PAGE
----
Today, as World Heart Day is commemorated around the world, we remember an estimated 13,500 loved ones that are lost each year in Australia to heart disease.
To help combat these statistics, MinRes has extended its partnership with the Harry Perkins Institute of Medical Research for another three years. This builds on the existing investment by MinRes that started in 2017 and brings our total support for heart research at the Harry Perkins Institute to $2.25 million.
Professor Peter Leedman AO, Director of the Harry Perkins Institute said the investment was critical to turning the tide on the wave of heart attacks occurring across the globe.
“Heart disease is the world’s number one killer.
“In Australia, nearly 20,000 people die each year from a heart attack.
“Astonishingly in half of all cases, a heart attack is the first symptom.
“The challenge is identifying who is at risk and developing novel approaches to previously unresolved problems,” Professor Leedman said.
The Harry Perkins Institute is conducting next generation research in three main areas.
A team involving cardiologists is using artificial intelligence and complex computer analysis to better predict who is at high risk of a heart attack.
“This is critical work, particularly as 90% of heart disease from blocked arteries caused by a build-up of plaque is preventable” Professor Leedman said.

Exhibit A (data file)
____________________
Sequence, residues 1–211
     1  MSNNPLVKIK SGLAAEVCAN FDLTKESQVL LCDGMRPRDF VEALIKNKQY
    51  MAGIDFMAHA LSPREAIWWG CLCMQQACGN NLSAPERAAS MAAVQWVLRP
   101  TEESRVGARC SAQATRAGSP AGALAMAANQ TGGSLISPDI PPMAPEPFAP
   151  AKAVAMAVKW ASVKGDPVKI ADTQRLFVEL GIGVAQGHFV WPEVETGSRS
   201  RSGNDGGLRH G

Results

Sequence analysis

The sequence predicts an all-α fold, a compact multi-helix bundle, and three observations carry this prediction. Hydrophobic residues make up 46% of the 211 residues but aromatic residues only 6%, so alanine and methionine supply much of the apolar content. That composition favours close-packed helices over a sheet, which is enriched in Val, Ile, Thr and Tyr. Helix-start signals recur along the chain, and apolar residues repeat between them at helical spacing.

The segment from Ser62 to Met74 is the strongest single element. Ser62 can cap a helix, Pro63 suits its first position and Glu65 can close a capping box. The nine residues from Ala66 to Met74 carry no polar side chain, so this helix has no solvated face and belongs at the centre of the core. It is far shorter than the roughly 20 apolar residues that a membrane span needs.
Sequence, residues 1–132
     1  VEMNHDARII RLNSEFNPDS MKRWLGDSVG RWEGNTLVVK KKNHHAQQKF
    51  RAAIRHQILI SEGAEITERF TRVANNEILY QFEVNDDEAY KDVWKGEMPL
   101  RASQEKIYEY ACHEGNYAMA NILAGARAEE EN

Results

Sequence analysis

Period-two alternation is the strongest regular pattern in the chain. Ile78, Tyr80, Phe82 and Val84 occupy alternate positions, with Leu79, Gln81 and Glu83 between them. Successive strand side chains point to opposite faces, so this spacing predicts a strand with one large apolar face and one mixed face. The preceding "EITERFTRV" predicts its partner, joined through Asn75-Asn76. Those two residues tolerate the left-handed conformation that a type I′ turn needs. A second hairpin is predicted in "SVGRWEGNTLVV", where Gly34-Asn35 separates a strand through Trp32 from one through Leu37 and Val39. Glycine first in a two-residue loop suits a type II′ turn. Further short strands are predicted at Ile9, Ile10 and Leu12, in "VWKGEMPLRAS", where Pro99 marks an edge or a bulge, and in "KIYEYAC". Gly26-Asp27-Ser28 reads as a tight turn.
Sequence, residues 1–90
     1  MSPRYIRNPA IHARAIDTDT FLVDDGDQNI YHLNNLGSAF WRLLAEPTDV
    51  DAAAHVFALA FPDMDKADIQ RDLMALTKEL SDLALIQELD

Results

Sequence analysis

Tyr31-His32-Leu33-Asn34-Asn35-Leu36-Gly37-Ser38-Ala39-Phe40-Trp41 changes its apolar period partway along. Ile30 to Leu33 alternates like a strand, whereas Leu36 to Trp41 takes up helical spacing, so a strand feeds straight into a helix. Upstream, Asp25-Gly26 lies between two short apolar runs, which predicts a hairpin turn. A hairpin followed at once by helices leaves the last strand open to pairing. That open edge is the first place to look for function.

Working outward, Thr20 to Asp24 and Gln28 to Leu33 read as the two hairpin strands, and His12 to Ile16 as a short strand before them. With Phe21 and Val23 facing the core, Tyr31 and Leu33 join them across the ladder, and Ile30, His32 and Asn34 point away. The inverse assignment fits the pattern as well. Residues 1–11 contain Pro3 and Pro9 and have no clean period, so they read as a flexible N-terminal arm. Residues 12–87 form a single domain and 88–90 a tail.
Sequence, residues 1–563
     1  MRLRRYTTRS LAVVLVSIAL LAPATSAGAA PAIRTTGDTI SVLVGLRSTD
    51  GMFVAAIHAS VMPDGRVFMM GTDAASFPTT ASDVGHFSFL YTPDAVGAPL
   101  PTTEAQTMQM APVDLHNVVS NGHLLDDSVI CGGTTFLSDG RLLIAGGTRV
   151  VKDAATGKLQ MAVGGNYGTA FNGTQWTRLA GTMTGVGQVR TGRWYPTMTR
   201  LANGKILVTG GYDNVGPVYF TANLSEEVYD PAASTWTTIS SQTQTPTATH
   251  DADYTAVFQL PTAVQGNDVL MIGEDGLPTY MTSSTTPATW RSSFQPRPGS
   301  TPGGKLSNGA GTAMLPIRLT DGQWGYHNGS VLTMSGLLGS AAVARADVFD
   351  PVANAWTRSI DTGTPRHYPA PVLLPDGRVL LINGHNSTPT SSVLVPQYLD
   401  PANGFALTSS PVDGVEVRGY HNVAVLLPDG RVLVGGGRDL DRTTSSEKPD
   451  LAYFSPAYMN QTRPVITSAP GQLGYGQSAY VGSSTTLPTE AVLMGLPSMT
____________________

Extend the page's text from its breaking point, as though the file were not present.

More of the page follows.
The Perkins is also undertaking research into a first of its kind drug to combat peripheral arterial disease caused by blocked arteries.
A third team, that was supported by MinRes funds in 2021, is developing 3D printed heart valves.
Using an approach called melt electro-writing, the team led by Dr Elena de Juan Pardo, is developing novel heart valves made of biomaterial that will have superior properties compared to those currently available.
“This MinRes-funded research will have significant clinical impact in future for patients with vascular heart disease,” Professor Leedman said.
There is a significant need to develop longer lasting valves that can be inserted into position without the need for subsequent surgical intervention.
The new approach enables the 3D printed valve to be modelled to meet individual patient valve needs.
MinRes Managing Director, Chris Ellison said the company was incredibly proud to be supporting the Harry Perkins Institute to undertake this world-leading research here in Perth.
“Heart disease is one of the leading causes of death in Australia and we are sadly losing our loved ones too soon,” Chris said.
“That’s why we continue to support the incredible work of the Harry Perkins Institute which is making life-saving advances in heart research and treatment that will benefit people around the world.”